Emergency medical transport plan? Watch the fine print!

By Russ and Tiña De Maris

It’s your dream trip – traveling across the country in your RV, seeing those places you’ve thought about for years. And it’s all good – until that little pump in the middle of your chest decides to start acting up in the middle of nowhere. After the paramedics get you to the isolated “regional” hospital, the doctors twist the knob that turns that dream trip into a nightmare. You need skilled care – the kind that they can’t provide you. You’ll need to be air-ambulanced to a bigger facility.

If you’re like many other RVers, you may say, “Relax, I’ve got Good Sam’s TravelAssist coverage. They’ll pay for my air ambulance, and if for some reason I can’t drive the rig home, they’ll pay somebody to get it there for me.”

Maybe yes, maybe no. Here’s the real-life “adventure” of Good Sam TravelAssist member Kathy Mutchler, an RVer and Workcamper. Seems that Kathy was doing fine until her own health kicked up, landing her in a hospital in Mammoth Lakes, California. Admitted to the emergency room with fever, chills and shaking, doctors also determined Mutchler had an extremely low potassium level. All added together, the situation left Kathy in a state that she describes as “drifting in and out of consciousness.”

The doctors at the Mammoth Lakes hospital diagnosed Kathy’s condition as a severe kidney infection – one that did not respond to antibiotic therapy. Her medical team decided that their local facility in the less-than-8000-people town just didn’t have the resources to properly treat her, and recommended she be flown by air ambulance to Reno, 140 miles away. Did Kathy’s TravelAssist plan from Good Sam cover the evacuation? It took a few days to figure that out.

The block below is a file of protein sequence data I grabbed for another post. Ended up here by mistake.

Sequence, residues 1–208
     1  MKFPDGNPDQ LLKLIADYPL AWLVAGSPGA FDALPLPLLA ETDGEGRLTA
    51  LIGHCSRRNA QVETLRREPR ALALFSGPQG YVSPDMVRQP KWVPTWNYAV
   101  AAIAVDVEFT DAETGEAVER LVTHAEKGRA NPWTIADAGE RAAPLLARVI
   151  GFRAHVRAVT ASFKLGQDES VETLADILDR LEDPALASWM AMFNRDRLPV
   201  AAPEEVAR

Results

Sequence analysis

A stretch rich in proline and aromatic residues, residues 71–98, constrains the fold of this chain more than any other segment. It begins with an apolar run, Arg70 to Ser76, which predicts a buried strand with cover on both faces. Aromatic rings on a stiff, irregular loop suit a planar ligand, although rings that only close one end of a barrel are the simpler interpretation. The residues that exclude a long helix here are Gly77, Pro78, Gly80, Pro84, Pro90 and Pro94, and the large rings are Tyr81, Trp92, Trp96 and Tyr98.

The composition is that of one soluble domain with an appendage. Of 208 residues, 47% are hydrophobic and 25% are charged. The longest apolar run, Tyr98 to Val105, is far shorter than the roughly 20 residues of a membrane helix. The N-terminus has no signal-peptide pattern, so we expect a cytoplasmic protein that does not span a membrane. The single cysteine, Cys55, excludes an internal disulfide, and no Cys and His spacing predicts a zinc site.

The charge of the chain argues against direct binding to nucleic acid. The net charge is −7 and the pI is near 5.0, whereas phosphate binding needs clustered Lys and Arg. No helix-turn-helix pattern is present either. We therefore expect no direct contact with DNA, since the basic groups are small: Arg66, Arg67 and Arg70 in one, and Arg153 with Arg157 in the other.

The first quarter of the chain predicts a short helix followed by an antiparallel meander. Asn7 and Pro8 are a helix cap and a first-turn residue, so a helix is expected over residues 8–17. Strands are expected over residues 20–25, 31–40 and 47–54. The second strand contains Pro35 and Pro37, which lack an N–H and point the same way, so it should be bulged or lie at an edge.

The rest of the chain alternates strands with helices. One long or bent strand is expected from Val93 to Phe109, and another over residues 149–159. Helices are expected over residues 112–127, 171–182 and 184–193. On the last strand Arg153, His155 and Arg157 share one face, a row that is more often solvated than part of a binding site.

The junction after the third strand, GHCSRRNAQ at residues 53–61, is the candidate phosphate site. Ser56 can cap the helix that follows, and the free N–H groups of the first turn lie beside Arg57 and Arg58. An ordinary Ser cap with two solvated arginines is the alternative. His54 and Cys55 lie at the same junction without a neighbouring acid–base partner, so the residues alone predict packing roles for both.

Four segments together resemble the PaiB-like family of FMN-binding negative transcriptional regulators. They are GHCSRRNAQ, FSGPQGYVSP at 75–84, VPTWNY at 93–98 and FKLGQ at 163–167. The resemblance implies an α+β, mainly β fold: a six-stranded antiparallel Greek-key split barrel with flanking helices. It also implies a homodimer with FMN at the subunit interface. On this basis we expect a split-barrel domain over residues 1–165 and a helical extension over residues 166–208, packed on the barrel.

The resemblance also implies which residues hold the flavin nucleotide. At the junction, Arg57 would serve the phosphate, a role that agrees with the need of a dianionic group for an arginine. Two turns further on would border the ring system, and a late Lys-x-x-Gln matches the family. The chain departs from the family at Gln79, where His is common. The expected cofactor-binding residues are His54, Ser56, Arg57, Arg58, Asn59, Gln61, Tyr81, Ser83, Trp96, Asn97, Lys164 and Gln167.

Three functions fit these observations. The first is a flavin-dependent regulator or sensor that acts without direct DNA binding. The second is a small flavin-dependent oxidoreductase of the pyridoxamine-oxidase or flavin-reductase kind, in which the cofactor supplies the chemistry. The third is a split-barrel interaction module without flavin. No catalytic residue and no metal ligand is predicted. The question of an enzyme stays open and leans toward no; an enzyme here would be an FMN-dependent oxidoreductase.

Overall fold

Kathy Mutchler was loaded on the flight and before the doors could close her mate, Kathy O’Hara, showed up at the air field. When the air ambulance landed in Reno, O’Hara dutifully phoned the TravelAssist center to let them know what had happened. The center assigned a case number and said they’d be in touch. They were – a few days later, when TravelAssist’s representative phoned to say that since Mutchler had not met the terms of her agreement with Good Sam’s program, she would be responsible for the cost of the air ambulance bill, to the tune of $71,000.

What terms had the Good Sam member failed to meet? The four-page, fine print “membership plan description” spells it out, somewhere in the midst of the 4,870 word agreement. “TRAVELASSIST must arrange and WE must approve all arrangements for the services described and defined in this section to be covered at no cost to YOU. *Expenses incurred without our intervention or assistance are not covered.” It seems that somehow, when the practically hallucinating Kathy Mutchler was told she needed to be medevacked to Reno, she failed to call TravelAssist in advance. The “expenses incurred” became her responsibility.